The foundation for Chef Nadira Jenkins-El’s stunning success with veganizing “Soul Food” started with her childhood.

Early memories of cooking included “Soul Food Sundays” — highly anticipated events where community members gathered for fellowship and laughter that kept neighborhood grandmas in the kitchen for hours, whipping up the traditionally meat- and dairy-heavy Southern favorites like ribs and mac n’ cheese.

But her memories also included her father carting home boxes of fresh oranges and organic vegetables, as well as now-well-known vegan staples with then-exotic-sounding names like tofu, tempeh, and textured vegetable protein (TVP). Her parents were Moorish American, a part of Islam, and her family did not eat pork, red meat, or shellfish. So plant-based options predominated in her family’s household.

Jenkins-El carried both traditions — healthy, plant-based eating and food as celebration, friendship, and fellowship — into her adulthood. 

But it wasn’t until doctors diagnosed her with hereditary Type 2 diabetes and hypertension — health afflictions that impact Black people at much higher rates nationally —  that she became deadly serious about shifting her own eating habits. 

“I refused to take pills for the rest of my life,” she said. “I started researching how to heal myself, and I came to the conclusion that meat and dairy had to go.”

Nadira Jenkins-El

Nadira Jenkins-El’s Teriyaki Glass Noodle Bowl includes sweet potato, glass noodles, crispy teriyaki tofu, avocado greens, tomatoes, red cabbage, onions, and carrots with edible flowers. (Photo Courtesy of Nadira Jenkins-El)

Jenkins-El said that within 30 days of being vegan her blood sugar and blood pressure levels stabilized. She no longer needed the daily prescription medications.

“What I had researched worked for my body, and I felt amazing,” she said. “That 30 days changed my life.”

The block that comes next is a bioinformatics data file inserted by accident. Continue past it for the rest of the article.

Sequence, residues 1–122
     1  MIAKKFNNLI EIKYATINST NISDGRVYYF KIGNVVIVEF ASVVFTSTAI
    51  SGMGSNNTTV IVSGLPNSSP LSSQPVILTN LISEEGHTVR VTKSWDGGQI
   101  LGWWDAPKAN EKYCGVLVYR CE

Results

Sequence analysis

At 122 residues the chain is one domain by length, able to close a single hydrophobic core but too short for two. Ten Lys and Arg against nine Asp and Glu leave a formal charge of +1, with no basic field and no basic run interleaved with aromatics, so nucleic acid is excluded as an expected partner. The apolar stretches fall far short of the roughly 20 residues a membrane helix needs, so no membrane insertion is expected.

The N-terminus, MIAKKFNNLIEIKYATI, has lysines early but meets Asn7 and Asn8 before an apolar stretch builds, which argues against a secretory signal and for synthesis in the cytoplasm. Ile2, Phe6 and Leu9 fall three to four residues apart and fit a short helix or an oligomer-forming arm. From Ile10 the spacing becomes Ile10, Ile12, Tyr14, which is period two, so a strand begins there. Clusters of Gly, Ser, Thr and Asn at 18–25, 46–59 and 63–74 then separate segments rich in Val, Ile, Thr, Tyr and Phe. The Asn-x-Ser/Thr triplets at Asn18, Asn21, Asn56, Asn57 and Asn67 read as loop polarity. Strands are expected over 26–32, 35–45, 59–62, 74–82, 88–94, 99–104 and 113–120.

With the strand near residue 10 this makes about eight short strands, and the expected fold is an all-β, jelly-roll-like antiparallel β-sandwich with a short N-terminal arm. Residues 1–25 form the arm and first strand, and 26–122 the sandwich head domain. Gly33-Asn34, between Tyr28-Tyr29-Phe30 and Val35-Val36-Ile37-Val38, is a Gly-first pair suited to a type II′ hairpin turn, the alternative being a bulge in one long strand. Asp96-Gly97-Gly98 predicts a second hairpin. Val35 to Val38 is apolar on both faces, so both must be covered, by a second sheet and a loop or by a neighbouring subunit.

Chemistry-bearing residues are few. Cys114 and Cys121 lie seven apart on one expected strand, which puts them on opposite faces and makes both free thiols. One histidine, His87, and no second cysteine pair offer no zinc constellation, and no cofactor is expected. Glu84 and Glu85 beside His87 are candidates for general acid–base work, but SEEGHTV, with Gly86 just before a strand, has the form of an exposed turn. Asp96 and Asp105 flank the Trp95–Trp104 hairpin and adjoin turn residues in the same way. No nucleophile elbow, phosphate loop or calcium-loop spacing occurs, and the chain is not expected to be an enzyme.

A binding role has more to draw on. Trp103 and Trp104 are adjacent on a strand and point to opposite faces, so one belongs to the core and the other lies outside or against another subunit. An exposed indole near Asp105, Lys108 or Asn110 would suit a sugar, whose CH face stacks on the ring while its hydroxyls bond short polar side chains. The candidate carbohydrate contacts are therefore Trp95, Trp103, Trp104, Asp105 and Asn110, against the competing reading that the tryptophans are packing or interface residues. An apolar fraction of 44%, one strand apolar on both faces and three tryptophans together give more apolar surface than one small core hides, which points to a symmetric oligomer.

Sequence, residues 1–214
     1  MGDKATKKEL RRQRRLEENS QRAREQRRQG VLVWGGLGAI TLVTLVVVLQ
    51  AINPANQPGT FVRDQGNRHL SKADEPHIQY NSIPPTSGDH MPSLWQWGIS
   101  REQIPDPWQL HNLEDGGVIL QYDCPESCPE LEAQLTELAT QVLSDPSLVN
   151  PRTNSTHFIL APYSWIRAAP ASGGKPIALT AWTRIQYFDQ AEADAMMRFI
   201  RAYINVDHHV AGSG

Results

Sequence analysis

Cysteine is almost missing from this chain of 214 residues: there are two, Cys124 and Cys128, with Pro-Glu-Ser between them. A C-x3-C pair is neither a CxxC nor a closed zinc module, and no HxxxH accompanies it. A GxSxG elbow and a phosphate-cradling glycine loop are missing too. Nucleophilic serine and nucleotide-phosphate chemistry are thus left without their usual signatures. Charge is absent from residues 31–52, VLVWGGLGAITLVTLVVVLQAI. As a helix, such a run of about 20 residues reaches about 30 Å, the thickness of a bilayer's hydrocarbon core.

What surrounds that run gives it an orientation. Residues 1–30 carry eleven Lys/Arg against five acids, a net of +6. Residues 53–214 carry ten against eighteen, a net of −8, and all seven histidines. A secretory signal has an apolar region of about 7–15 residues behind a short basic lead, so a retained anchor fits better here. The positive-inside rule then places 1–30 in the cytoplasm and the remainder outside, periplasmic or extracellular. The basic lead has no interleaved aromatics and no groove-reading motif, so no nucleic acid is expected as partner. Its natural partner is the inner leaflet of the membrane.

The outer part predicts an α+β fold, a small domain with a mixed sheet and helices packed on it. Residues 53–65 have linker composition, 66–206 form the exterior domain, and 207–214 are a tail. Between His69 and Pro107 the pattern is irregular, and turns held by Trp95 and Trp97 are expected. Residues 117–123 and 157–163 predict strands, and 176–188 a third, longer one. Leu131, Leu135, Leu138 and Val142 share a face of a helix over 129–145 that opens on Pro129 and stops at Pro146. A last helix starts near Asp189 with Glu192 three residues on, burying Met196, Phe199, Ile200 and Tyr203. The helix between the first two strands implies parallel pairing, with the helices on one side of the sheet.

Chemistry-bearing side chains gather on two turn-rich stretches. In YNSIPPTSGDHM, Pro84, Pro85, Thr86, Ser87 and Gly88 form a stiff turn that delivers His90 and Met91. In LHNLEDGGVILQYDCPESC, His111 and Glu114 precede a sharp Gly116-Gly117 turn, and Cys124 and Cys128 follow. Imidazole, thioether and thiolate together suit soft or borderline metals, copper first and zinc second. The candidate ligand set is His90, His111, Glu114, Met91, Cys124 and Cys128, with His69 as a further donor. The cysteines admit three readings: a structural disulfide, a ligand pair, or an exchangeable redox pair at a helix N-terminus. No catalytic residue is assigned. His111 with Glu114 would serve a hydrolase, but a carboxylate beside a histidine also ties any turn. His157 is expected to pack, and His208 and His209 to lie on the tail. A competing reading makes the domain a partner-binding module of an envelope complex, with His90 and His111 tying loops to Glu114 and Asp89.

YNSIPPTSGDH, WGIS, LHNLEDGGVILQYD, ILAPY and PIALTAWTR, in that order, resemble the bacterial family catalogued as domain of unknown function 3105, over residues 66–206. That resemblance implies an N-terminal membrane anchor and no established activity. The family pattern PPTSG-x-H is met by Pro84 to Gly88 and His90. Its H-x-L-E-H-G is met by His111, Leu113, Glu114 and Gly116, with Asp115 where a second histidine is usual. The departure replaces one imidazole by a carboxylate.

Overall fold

As mother with school-aged children, working a full-time job and a part-time job on the side, while also attending school herself, Jenkins-El needed options that were quick, affordable, and accessible. She also needed to find substitutes for the “soul food” her children had grown to love and demand.

Her journey to becoming a vegan chef  — backdropped by other careers in nursing, education, and entrepreneurship — took her to St. Croix in the Caribbean, where she learned about plant-based options from a large vegan community, and to Tempe, Ariz., where she co-opened an all-vegan bakery and cafe. She became an executive chef after studying culinary management at the Art Institute in Washington D.C. and also is a holistic nutritionist.

The result of her research into how diet contributes to health conditions and her “play-time” in the kitchen is the “Vegan Soul Food Cookbook: Plant-based, No-Fuss Southern Favorites” — a  compendium of more than 100 plant-based recipes that range from oyster mushroom fried “chicken” and barbecue “riblets” to non-dairy mac ‘n cheese and pecan pie bars.

“For anyone new to the lifestyle or trying to get healthier, I would tell them to stay the course, to not overthink it, and to be open to what the Universe could bring you in this transition,” she told Lady Freethinker.

The following Q&A combines an interview with Jenkins-El and excerpts from her sizzling vegan cookbook. 

Chef Nadira Jenkins-El won the 2018 BBQ competition’s Judges Choice and People’s Choice awards for her mango habanero vegan filet mignon. (Photo Courtesy of Nadira Jenkins-El)

A Q&A With Chef Nadira Jenkins-El

What is soul food historically, and what does “soul food” mean to you?

Historically, “soul food” came from enslaved people. The slave masters would only allow the slaves to have table scraps, so enslaved people had to be very creative with food and feeding their families. The term “soul food” itself wasn’t created until the 1960s, during the Civil Rights movement.

Soul food is often heavily fried, highly processed, and laden with sugar, all of which have been linked to a rise in heart disease, hypertension, and diabetes within the African American community. I realized food doesn’t have to be loaded with meat or dairy, deep-fried, or sugar-coated to be delicious. 

(She adds in the introduction to Vegan Soul) I use two definitions of soul food to guide my work and my own eating. The first is the acronym SOUL: Seasonal, Organic, Unprocessed, Local. Eating foods that are seasonally grown, organic when possible, unprocessed or whole, and grown locally will go a long way toward helping you become the healthiest version of yourself. The standard American diet (SAD) tends to be high in processed convenience foods and is often high in unhealthy fats, sugars, and chemical additives. Eating the SAD way has proven to be detrimental to our health, our planet, and the lives of millions of innocent animals. So I say, let’s eat the SOUL way.